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Race and self-employment: The role of training programs, self-employment background, and access to financing

  • Michaelides, Marios

This paper uses data from Project GATE to examine the efficacy of offering free self-employment assistance to unemployed individuals interested in self-employment, overall and by race. We also examine the effect of participants’ self-employment background, finances, and personal circumstances on their self-employment outcomes. We find that Project GATE led to significant gains in the outcomes of unemployed participants, particularly for black participants. Our analyses also show that significant portions of the race disparities in self-employment outcomes among unemployed participants are attributed to race differences in access to financing. The policy implications of our findings are discussed.

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File URL: https://mpra.ub.uni-muenchen.de/20884/1/MPRA_paper_20884.pdf
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Paper provided by University Library of Munich, Germany in its series MPRA Paper with number 20884.

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Date of creation: 01 Feb 2010
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Handle: RePEc:pra:mprapa:20884
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  1. Ken Cavalluzzo & John Wolken, 2005. "Small Business Loan Turndowns, Personal Wealth, and Discrimination," The Journal of Business, University of Chicago Press, vol. 78(6), pages 2153-2178, November.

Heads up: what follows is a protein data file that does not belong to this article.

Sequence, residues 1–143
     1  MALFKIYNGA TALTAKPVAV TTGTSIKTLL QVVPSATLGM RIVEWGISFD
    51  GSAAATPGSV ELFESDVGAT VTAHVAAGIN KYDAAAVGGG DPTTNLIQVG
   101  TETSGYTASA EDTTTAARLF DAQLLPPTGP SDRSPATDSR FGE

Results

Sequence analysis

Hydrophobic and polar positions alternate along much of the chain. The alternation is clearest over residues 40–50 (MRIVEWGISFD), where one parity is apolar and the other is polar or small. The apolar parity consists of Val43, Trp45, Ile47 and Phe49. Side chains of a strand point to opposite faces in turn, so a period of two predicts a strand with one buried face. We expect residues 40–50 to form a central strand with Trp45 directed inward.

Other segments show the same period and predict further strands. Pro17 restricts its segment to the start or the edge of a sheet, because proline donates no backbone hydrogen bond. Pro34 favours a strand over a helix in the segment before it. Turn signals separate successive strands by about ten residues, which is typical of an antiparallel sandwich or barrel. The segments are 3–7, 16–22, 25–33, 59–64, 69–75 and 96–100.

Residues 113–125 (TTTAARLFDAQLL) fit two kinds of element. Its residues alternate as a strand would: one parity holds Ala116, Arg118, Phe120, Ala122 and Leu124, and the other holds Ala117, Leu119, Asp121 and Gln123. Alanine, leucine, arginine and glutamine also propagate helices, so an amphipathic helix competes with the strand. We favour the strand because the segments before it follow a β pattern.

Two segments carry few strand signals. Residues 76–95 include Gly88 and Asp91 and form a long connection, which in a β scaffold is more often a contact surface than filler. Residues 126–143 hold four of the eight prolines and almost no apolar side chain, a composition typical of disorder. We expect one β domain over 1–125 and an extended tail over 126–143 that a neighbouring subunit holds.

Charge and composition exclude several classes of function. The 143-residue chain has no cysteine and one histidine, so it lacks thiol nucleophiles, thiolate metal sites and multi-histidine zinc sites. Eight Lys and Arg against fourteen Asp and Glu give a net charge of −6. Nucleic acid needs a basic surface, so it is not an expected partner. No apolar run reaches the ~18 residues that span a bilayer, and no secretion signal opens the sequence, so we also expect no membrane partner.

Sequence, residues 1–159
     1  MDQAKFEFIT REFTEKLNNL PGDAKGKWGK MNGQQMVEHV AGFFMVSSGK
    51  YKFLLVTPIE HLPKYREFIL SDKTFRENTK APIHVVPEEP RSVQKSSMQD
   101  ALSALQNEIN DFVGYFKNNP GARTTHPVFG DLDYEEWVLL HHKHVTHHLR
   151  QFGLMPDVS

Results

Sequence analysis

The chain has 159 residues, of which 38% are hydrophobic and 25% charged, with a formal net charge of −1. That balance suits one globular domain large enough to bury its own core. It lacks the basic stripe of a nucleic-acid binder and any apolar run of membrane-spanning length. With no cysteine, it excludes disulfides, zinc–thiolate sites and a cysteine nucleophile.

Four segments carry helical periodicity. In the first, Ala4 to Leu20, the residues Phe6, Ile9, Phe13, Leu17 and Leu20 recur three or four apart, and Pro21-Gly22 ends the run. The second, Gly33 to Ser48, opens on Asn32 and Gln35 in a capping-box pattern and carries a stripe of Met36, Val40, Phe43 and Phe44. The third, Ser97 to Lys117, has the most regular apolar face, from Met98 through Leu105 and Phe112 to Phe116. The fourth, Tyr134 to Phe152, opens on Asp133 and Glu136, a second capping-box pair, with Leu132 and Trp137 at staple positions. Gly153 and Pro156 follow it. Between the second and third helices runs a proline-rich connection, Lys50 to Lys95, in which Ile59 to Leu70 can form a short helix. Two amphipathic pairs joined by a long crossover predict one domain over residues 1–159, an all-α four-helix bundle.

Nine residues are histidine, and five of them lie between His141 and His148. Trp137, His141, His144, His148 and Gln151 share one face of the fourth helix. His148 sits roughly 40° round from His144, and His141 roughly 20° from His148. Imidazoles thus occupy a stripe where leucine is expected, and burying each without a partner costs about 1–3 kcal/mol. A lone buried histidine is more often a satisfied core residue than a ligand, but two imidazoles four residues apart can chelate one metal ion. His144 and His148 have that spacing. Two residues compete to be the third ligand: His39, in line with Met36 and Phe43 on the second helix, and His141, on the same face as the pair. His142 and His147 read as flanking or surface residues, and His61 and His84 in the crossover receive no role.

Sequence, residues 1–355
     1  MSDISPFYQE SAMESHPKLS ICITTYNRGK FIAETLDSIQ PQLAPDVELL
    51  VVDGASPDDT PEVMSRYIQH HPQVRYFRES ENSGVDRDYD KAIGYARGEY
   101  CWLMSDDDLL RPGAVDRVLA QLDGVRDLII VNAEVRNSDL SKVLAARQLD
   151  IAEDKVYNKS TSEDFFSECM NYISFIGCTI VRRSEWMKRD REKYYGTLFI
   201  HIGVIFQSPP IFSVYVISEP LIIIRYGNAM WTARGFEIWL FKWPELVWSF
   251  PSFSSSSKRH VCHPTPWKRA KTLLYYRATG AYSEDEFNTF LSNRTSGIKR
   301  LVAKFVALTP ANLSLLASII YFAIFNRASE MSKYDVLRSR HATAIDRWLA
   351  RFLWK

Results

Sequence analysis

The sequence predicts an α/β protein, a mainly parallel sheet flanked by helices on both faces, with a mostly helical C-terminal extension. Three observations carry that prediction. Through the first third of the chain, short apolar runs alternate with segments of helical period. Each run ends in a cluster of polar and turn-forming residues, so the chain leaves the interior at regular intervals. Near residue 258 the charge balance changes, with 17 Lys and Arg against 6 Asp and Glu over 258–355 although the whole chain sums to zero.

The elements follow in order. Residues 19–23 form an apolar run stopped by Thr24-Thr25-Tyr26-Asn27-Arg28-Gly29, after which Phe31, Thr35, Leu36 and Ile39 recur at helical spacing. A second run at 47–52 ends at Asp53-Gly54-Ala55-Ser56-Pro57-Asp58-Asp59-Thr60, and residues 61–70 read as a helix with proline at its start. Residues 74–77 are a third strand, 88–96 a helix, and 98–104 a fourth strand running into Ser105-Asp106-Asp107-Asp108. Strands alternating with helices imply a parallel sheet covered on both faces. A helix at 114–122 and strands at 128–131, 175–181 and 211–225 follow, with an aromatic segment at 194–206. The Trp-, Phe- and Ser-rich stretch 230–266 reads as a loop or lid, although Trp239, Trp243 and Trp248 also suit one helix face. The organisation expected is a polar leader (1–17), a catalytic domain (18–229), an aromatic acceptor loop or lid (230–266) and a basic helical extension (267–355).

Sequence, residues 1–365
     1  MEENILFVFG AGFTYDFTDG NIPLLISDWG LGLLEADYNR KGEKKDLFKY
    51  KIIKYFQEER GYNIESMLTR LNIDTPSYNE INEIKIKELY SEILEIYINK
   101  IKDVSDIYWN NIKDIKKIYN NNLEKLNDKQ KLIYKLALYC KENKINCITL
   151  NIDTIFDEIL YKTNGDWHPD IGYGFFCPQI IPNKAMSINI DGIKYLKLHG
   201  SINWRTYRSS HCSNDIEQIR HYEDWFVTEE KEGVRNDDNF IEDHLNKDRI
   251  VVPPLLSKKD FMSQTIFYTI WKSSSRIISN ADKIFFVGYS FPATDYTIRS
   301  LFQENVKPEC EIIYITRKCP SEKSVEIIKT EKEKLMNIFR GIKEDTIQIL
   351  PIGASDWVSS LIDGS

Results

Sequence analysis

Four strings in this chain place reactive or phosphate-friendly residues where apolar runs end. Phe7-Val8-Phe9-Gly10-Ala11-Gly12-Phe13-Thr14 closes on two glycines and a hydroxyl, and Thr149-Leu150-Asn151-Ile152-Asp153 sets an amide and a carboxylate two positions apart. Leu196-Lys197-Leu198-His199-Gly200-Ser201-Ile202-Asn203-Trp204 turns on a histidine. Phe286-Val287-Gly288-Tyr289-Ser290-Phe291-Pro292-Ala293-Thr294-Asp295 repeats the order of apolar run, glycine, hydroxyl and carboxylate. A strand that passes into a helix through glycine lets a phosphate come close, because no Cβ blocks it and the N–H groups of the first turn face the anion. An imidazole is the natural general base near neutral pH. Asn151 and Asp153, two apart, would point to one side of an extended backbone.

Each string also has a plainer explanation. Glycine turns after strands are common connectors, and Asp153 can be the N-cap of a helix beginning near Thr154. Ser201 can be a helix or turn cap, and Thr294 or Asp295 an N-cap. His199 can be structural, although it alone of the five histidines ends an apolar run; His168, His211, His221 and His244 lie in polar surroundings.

2. David G. Blanchflower & Phillip B. Levine & David J. Zimmerman, 1998. "Discrimination in the Small Business Credit Market," NBER Working Papers 6840, National Bureau of Economic Research, Inc.
  3. Michaelides, Marios & Benus, Jacob, 2012. "Are self-employment training programs effective? Evidence from Project GATE," Labour Economics, Elsevier, vol. 19(5), pages 695-705.
  4. Fairlie, Robert W & Robb, Alicia M., 2005. "Why Are Black-Owned Businesses Less Successful than White-Owned Businesses? The Role of Families, Inheritances, and Business Human Capital," Santa Cruz Department of Economics, Working Paper Series qt5gk2188g, Department of Economics, UC Santa Cruz.
  5. Alicia Robb & Robert Fairlie, 2006. "Access to Financial Capital Among U.S. Businesses: The Case of African-American Firms," Working Papers 06-33, Center for Economic Studies, U.S. Census Bureau.
  6. Ellen R. Rissman, 2003. "Self-employment as an alternative to unemployment," Working Paper Series WP-03-34, Federal Reserve Bank of Chicago.
  7. Jacob Benus & Sheena McConnell & Jeanne Bellotti & Theodore Shen & Kenneth Fortson & Daver Kahvecioglu, 2008. "Growing America Through Entrepreneurship: Findings from the Evaluation of Project GATE," Mathematica Policy Research Reports afeceaeccbf54835ae4f79e73, Mathematica Policy Research.
  8. Fairlie, Robert W, 1999. "The Absence of the African-American Owned Business: An Analysis of the Dynamics of Self-Employment," Journal of Labor Economics, University of Chicago Press, vol. 17(1), pages 80-108, January.
  9. Paul D. Reynolds & Nancy M. Carter & William B. Gartner & Patricia G. Greene, 2004. "The Prevalence of Nascent Entrepreneurs in the United States: Evidence from the Panel Study of Entrepreneurial Dynamics," Small Business Economics, Springer, vol. 23(4), pages 263-284, November.
  10. repec:mpr:mprres:6190 is not listed on IDEAS
  11. Timothy Bates, 1985. "Entrepreneur Human Capital Endowments and Minority Business Viability," Journal of Human Resources, University of Wisconsin Press, vol. 20(4), pages 540-554.
  12. Lofstrom, Magnus & Bates, Timothy, 2007. "African Americans' Pursuit of Self-Employment," IZA Discussion Papers 3156, Institute for the Study of Labor (IZA).
  13. Fairlie, Robert, 2014. "Ethnic and Racial Self-Employment Differences and Possible Explanations," Santa Cruz Department of Economics, Working Paper Series qt24p7v6gc, Department of Economics, UC Santa Cruz.
  14. Daniela Glocker & Viktor Steiner, 2007. "Self-Employment - a Way to End Unemployment?: Empirical Evidence from German Pseudo-Panel Data," Discussion Papers of DIW Berlin 661, DIW Berlin, German Institute for Economic Research.
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